February saw equities give back some of their gains from the year so far, with the US in particular faltering in the face of potentially higher interest rates, writes Richard Temperley.
Early February saw a wave of interest rate announcements from central banks with the Federal Reserve, European Central Bank and Bank of England all instituting rate rises. Notably most central banks began the month slightly more upbeat on inflation prospects however economic data released throughout February soon tempered expectations.
The release of stronger macroeconomic data has been discouraging for inflation numbers, which are still too high for the reassurance of central banks, particularly in terms of core measures which strip out volatile food and energy prices.
Although Europe continued to outperform the US, the market remains exposed to a hawkish ECB. The non-event of natural gas rationing was a positive for European economies as milder weather alleviated shortages. Stubborn inflation however means recession risk remains an area of interest.
Our current position is overweight equities. During February we adjusted from neutral to underweight bonds. We also added to our equity exposure, increasing our equity content in the Active Asset Allocation fund from 48.5% to 52%, and added circa 2% across our actively managed funds.
Within equity sectors valuations remain attractive, a strong start to 2023 in equities has been driven by last years most affected sectors. Consumer discretionary for example has led the 2023 recovery and was the second worst sector in 2022.
Within fixed income, we have increased the duration of some of our eurozone sovereign bonds and reduced our allocation to corporate bonds. We are broadly neutral across our allocations to alternatives. We maintain out EUR/USD hedge which has been neutral for performance so far this year.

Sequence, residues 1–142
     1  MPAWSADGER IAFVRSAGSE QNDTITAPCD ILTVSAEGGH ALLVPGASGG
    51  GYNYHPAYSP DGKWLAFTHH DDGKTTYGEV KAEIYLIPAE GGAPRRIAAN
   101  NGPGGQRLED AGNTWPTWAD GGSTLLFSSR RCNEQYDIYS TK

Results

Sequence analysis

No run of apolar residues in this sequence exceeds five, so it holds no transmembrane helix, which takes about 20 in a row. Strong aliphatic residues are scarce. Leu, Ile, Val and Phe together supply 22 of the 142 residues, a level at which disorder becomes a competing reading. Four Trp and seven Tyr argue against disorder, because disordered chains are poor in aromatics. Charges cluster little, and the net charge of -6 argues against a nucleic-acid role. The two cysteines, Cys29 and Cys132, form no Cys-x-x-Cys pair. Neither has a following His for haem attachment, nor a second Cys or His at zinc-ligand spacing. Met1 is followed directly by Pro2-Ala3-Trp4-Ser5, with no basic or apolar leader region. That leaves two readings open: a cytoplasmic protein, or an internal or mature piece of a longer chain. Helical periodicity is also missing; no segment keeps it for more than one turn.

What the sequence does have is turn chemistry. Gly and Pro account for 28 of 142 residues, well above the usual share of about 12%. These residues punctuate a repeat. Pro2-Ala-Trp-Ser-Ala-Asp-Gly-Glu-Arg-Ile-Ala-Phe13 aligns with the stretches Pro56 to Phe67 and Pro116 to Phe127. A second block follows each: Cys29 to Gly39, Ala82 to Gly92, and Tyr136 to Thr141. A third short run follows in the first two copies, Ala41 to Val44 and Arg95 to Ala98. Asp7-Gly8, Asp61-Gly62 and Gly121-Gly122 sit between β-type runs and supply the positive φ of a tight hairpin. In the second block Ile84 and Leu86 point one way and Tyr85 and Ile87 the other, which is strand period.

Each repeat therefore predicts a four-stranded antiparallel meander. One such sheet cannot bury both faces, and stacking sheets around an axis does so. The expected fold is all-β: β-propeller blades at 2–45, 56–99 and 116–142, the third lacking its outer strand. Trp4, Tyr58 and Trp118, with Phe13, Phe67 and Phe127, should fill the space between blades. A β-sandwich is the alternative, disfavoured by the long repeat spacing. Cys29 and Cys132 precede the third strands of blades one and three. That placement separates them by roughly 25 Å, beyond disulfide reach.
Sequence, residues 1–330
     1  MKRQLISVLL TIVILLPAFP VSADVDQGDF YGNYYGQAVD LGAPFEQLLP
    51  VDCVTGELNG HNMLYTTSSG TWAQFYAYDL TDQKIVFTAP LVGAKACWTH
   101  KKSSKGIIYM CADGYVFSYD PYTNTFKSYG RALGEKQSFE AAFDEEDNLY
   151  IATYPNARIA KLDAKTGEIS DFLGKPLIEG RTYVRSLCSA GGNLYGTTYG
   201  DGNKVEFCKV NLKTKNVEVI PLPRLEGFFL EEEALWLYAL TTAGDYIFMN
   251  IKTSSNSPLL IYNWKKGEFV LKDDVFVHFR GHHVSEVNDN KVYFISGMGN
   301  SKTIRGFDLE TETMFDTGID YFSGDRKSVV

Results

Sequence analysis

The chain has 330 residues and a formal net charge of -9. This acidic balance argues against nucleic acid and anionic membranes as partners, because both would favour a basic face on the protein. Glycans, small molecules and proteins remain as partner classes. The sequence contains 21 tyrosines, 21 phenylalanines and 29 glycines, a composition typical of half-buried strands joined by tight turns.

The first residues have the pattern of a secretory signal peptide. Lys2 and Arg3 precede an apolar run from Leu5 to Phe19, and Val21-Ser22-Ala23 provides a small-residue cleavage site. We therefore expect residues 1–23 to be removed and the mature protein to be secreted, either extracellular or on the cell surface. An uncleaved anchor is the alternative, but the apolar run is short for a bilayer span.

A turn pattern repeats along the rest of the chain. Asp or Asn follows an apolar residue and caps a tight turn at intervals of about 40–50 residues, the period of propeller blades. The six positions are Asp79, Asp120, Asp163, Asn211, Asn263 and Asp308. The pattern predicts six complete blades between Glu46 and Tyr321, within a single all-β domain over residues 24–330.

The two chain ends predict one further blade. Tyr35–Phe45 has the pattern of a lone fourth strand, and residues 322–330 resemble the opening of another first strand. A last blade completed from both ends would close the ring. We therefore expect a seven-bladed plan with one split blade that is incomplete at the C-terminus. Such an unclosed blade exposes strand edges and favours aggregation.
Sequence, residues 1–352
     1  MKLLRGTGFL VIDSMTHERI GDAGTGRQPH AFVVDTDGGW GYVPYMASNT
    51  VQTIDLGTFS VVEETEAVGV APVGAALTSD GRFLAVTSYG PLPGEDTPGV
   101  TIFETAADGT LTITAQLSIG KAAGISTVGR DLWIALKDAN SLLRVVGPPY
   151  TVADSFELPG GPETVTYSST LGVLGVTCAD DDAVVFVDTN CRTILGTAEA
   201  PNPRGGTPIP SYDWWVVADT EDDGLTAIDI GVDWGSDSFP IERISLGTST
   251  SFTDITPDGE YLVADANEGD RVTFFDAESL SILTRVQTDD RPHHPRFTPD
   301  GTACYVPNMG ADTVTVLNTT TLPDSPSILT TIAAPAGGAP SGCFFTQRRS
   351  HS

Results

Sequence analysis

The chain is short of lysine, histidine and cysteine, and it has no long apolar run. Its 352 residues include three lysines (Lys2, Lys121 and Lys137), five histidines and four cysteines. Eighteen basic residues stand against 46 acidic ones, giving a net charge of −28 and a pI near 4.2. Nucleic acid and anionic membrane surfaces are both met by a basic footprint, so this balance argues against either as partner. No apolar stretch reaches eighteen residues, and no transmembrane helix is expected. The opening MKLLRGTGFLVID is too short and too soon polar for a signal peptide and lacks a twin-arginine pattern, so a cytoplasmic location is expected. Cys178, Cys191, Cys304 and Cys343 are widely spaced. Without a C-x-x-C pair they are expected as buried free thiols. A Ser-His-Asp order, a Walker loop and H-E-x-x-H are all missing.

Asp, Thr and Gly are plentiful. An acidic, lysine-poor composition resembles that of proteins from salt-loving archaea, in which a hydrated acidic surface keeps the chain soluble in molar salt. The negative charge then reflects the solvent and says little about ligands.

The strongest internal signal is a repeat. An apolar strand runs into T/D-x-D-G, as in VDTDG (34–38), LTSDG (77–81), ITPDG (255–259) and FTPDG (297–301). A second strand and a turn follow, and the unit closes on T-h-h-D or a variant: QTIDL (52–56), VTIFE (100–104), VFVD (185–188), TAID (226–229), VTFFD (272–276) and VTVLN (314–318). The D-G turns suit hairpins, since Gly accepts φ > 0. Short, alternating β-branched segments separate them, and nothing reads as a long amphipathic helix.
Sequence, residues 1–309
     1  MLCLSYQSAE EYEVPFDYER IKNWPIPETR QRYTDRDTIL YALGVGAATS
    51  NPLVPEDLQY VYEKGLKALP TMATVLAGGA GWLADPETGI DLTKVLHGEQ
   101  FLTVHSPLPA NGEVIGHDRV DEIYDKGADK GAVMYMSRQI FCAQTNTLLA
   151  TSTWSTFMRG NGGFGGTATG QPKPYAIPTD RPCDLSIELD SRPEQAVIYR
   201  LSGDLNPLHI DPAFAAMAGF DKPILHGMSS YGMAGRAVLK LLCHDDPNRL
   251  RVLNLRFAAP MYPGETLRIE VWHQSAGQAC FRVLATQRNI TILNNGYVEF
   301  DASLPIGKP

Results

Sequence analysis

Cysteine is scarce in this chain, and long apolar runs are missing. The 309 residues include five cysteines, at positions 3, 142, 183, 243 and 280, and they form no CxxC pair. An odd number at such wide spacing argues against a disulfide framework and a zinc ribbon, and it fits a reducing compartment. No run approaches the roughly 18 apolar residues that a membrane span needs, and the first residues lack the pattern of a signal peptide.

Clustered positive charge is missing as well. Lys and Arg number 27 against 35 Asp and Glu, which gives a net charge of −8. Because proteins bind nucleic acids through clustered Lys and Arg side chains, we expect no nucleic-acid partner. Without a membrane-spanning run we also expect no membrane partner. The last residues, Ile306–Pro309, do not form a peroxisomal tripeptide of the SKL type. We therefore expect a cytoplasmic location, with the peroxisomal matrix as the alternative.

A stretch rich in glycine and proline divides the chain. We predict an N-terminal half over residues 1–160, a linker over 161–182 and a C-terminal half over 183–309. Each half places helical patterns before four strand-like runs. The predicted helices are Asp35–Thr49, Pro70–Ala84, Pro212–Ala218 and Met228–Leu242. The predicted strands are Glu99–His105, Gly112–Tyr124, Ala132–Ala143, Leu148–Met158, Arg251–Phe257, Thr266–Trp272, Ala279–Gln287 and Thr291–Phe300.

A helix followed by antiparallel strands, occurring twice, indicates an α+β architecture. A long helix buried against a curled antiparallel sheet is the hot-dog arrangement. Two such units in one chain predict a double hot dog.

Global equities were down slightly in February losing -0.1% in euro terms after soaring in January. YTD returns are still positive as a result of previous gains, returning 5.12%. On a sectoral basis US stocks performed best in the Consumer Discretionary and Tech sectors, much of this came as companies announced layoffs and cost cutting measures which investors viewed favourably.
Euro investors in US stocks also benefitted from a strengthening Dollar, US stocks returned -2.45% in local terms and -0.1% in euro terms as losses were limited by exchange rate moves.
Eurozone equities continued their performance in February, being the only market not to post negative returns.
Hong Kong equities suffered the most as worsening US China relations and interest rate expectations caused outflows in the region. Sentiment improved towards the end of February, however the market remained down for the month
February began with a 25-basis point rate hike (0.25%) from the Federal Reserve, a smaller increment than the previous meeting’s 50 basis points.
The yield on the benchmark 10 Year US Government Bond rose 41 basis points in February, a significant move given the recent moderation seen in sovereign bond yields. The rise in yields occurred due to higher interest rate expectations from investors who were confronted with reports of strong economic data and a tight labour market.
The strong indicators mean there could be more work for the Fed to do in terms of interest rate hiking. The higher yields resulted in a negative month for much of Fixed Income markets with the 5+ Year Euro Government Index returning -3.3% in February.
Commodities and currencies
A broad basket of commodities showed negative performance in January, with the Bloomberg Commodity index returning –2.5% in euro terms.
Year to date, copper, which is often used as a barometer for global economic health, performed better returning 8.1% in euro terms. The reopening of China’s economy has been seen by many as a major factor behind copper’s performance.
Energy prices continued to fall in February, being a large contributor to the lower overall headline figures of inflation seen globally. In currencies the US dollar strengthened slightly against a basket of peers in February on the back higher interest rate prospects in the US. At the end of February 1 euro bought 1.06 dollars.
Read the full March 2023 Monthly Investment Review here.
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